The FCC has just released its latest report on the sate of broadband in the US of A (PDF alert), and the results are… less than encouraging, and for a number of reasons. The agency found that around two-thirds of Americans’ broadband connections don’t actually qualify as broadband under its definition. (Broadband to the FCC is 4 mbps down/1 mbps up.) What’s sorta odd is that this isn’t a result of the lack of infrastructure or anything, but a result of people choosing low speed plans.
The data used in the study is accurate as of December 31, 2009, so any changes between then and now won’t show up till the next report.
There’s a few things going on here. For one, the Free Press, sorta of a watchdog group, says (PDF alert) the FCC really ought to be measuring things like broadband availability and not broadband subscription. The argument is that it gives a better idea of the state of broadband when you measure actual availability rather than what people happen to subscribe to.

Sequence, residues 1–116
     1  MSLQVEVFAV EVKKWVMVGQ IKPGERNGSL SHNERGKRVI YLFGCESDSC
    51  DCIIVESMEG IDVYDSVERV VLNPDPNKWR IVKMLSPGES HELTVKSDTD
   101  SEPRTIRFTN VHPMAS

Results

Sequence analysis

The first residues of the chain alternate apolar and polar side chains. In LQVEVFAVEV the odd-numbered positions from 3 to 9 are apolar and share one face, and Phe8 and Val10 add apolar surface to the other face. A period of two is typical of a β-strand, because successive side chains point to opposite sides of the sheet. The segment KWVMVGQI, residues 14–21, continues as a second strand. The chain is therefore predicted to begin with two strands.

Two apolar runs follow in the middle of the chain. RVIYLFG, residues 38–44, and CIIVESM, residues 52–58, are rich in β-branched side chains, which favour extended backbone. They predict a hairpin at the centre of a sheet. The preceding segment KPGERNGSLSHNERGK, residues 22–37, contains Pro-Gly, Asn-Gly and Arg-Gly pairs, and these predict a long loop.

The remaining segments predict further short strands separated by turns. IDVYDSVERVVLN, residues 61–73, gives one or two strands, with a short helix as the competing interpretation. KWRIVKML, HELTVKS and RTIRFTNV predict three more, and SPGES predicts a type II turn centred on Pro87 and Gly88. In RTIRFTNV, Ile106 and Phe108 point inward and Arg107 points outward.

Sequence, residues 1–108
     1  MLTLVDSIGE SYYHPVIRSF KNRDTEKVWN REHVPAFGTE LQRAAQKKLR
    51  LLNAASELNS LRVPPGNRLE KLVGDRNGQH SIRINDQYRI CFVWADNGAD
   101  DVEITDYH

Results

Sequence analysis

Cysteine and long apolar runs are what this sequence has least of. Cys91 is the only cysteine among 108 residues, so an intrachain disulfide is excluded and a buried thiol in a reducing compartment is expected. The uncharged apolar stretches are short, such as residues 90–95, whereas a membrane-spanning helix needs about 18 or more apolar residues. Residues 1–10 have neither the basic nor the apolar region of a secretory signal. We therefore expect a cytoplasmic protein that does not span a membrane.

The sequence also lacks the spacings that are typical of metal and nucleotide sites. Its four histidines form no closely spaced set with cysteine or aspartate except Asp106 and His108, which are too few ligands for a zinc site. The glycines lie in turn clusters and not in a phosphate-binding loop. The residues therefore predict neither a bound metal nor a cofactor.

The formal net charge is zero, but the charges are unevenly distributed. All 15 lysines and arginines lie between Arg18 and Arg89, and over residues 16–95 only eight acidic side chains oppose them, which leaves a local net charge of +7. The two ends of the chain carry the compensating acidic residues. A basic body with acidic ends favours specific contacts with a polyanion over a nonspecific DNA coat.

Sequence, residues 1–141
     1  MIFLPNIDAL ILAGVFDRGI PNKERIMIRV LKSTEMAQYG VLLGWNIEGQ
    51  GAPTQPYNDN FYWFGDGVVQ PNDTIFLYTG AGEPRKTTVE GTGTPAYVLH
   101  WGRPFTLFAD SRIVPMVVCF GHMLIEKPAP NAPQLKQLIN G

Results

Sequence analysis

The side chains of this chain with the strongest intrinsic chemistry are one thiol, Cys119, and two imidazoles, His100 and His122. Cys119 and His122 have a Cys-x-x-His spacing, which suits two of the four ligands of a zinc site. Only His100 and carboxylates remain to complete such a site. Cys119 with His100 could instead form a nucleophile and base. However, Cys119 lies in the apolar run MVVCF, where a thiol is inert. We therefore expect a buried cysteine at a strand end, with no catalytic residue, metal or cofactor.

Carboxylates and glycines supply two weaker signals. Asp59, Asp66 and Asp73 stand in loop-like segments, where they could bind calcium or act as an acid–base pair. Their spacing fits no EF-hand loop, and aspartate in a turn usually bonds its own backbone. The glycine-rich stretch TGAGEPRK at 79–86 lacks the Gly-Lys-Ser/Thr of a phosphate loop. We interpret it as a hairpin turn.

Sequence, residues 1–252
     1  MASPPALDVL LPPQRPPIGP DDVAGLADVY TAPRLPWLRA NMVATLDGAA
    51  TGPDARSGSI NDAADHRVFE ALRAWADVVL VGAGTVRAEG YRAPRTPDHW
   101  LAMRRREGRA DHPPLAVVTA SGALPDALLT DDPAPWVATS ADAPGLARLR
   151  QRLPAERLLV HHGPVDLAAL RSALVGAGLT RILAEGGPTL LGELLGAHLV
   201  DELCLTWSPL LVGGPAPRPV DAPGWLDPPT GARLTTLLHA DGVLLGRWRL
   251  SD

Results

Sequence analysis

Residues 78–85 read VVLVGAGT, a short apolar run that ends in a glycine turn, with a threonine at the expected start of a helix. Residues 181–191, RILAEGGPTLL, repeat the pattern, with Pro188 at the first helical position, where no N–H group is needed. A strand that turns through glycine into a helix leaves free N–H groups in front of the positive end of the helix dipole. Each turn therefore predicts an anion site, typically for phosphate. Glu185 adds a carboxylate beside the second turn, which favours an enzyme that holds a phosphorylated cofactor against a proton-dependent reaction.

But there’s value in knowing that—subscription rates—as well.
I don’t have to tell you guys, the blog-reading tech enthusiasts, that bandwidth-heavy services have really taken off this year. Streaming Netflix is practically embedded in refrigerators at this point, and music services like Rdio and Pandora (and Spotify, but that’s Europe-only right now) are becoming more and more “normal,” if that makes any sense. Then you look at the number of people playing online video games with Xbox Live or PSN, to say nothing of new services like OnLive…
The point is, we’re reaching the point where there’s actually a legitimate use for a fast broadband connection. I mean, I pay for a 101 mbps down/15 mbps u connection, but it’s been nearly impossible to saturate with legitimate traffic (or otherwise). So if we have an idea of what broadband subscription was like in the past, we can then see how people moved to faster plans as the aforementioned services became more commonplace.
Now we just have to ensure that ISPs don’t start playing favorites when it comes to actually delivering all that data.